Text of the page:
I am now in a most “ANXIOUS” Moment of my life. My Mantra is simple, tomorrow will be a brighter day, everyday cant be cloudy and hazy.
    “Good Friend(s)” also help tide over the stress.

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  8. dilipnaidu says:

    Ram Raghavan
    Managing Director at Talengene

    Anxiety occurs when you realise that you are not in control. If one believes in the eastern philiosophy , then they need to realise that they are not the implementors but the implemented. The clash occurs when the “I” in them cannot control outcomes, which results in anxiety and manifests as stress. So from an eastern perspective, realise that one cant control everything and when that realisation sets in they start to look things from a bigger perspective and realise this is nothing…I would like to point to the story of a man who used to say “everything is for good”…

    If one believes in the western way of life where destiny is what you make of it, then it does create scars. The fact is no one really believed that the world would be in such a mess it is today and anxiety sets in when one realises that despite all the thoughts put in things are beyond ones control… so is it destiny? Not surprising to see a lot of activity these days in the church or any other place of worship.. That kind of leans towards faith which again shows that when “i” is pushed to the back seat that can lead to surrender and relieve anxiety.

    However, if we look at it from a neurological perspective, all our actions have either been influenced by beliefs or feelings. Beliefs operate at the rational level. To believe something you just need some evidence that it works.. so, any event can instill belief in people if they see it work. If it works constantly then that results in knowledge which is Knowing ledged on beliefs.. However the premise on which the knowledge has been built could also be “untrue” or “false”. In that case the belief directed behaviour gets anxious as a feeling of helplessness creeps in. At this juncture there is no knowledge to support ones beliefs…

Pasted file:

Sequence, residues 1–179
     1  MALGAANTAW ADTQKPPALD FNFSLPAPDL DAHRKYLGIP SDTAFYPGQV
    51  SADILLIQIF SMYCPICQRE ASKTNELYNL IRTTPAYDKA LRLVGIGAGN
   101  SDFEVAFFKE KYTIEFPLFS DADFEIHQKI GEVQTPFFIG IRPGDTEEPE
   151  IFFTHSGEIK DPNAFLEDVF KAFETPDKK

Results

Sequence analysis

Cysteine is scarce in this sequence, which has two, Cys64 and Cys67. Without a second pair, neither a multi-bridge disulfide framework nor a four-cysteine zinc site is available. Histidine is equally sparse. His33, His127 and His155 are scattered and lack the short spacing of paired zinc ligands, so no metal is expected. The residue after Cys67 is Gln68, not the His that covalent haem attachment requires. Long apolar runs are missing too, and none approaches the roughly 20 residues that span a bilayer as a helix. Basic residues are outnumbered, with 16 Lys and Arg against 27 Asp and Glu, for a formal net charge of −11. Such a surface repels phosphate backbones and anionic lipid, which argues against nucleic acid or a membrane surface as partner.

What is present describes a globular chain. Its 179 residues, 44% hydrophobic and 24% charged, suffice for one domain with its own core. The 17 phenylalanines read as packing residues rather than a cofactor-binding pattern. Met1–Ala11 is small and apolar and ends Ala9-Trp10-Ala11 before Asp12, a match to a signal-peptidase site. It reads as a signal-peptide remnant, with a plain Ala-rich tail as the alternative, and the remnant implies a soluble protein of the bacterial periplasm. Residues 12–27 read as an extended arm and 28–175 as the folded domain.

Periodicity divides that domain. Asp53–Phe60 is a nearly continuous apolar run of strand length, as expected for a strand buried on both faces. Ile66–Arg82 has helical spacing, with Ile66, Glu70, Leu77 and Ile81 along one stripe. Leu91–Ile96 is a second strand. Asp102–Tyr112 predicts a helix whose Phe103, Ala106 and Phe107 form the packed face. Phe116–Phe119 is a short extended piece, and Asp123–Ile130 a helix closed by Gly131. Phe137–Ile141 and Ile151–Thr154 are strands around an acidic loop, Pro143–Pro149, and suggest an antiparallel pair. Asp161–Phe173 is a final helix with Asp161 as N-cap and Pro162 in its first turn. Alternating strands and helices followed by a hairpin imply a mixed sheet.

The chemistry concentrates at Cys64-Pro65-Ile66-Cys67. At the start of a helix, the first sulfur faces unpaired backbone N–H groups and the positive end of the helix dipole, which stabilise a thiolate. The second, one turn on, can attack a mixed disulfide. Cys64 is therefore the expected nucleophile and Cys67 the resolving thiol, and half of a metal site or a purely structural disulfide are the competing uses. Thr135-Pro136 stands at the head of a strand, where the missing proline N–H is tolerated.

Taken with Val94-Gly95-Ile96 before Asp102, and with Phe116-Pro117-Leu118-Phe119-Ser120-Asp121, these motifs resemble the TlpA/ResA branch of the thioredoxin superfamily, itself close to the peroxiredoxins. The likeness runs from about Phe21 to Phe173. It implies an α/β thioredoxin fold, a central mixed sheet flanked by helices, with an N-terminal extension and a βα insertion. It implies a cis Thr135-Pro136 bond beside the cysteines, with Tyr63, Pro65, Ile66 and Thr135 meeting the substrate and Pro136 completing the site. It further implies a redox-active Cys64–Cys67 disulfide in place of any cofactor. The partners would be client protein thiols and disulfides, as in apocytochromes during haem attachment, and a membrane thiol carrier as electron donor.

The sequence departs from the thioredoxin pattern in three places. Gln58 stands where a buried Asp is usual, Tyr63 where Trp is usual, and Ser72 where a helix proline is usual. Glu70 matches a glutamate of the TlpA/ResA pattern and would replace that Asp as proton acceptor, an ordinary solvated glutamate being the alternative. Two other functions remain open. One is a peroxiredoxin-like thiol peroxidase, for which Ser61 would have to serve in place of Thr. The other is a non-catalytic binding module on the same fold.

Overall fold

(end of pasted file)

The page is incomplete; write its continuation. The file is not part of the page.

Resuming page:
Similarly if we look at it from the feeling level its emotionally driven… it is minds instant response to a situation or problem. There is no rationality behind the action or inaction in this case and it is more sense driven… Again when that fails a sense of helplessness sets in… if someone is emotionally dependant, if the umblical cord is cut between that individual and the person they are dependant on, that results in anxiety…

    The problem in this case is we are forced to think as either positive or negative i.e we are either rational or emotional.. however, life is not absolutes and it operates in shades of grey. So there is a midway that exists which is operating at the volitional level. When one operates at the volitional level which is values governed then they tend to step back when faced with an issue to understand what is the value of an action or inaction.. Neurologically that area is called the dynamic core or the limbic system- the thalamus n hypo t region which governs our values.

    Now if we operate from a volitional level what we are doing is detatching ourselves from the scenario and evaluating the situation without any bias and trying to align the consequences of an action or inaction from a value perspective. That would definitely reduce anxiety. Funny enough when you visit a temple or a church all you do is detatch yourself from the world out there and get in touch with your inner self.. a sense of calmness a sense of virtue all set in after a visit to the church which is the volitional behaviour…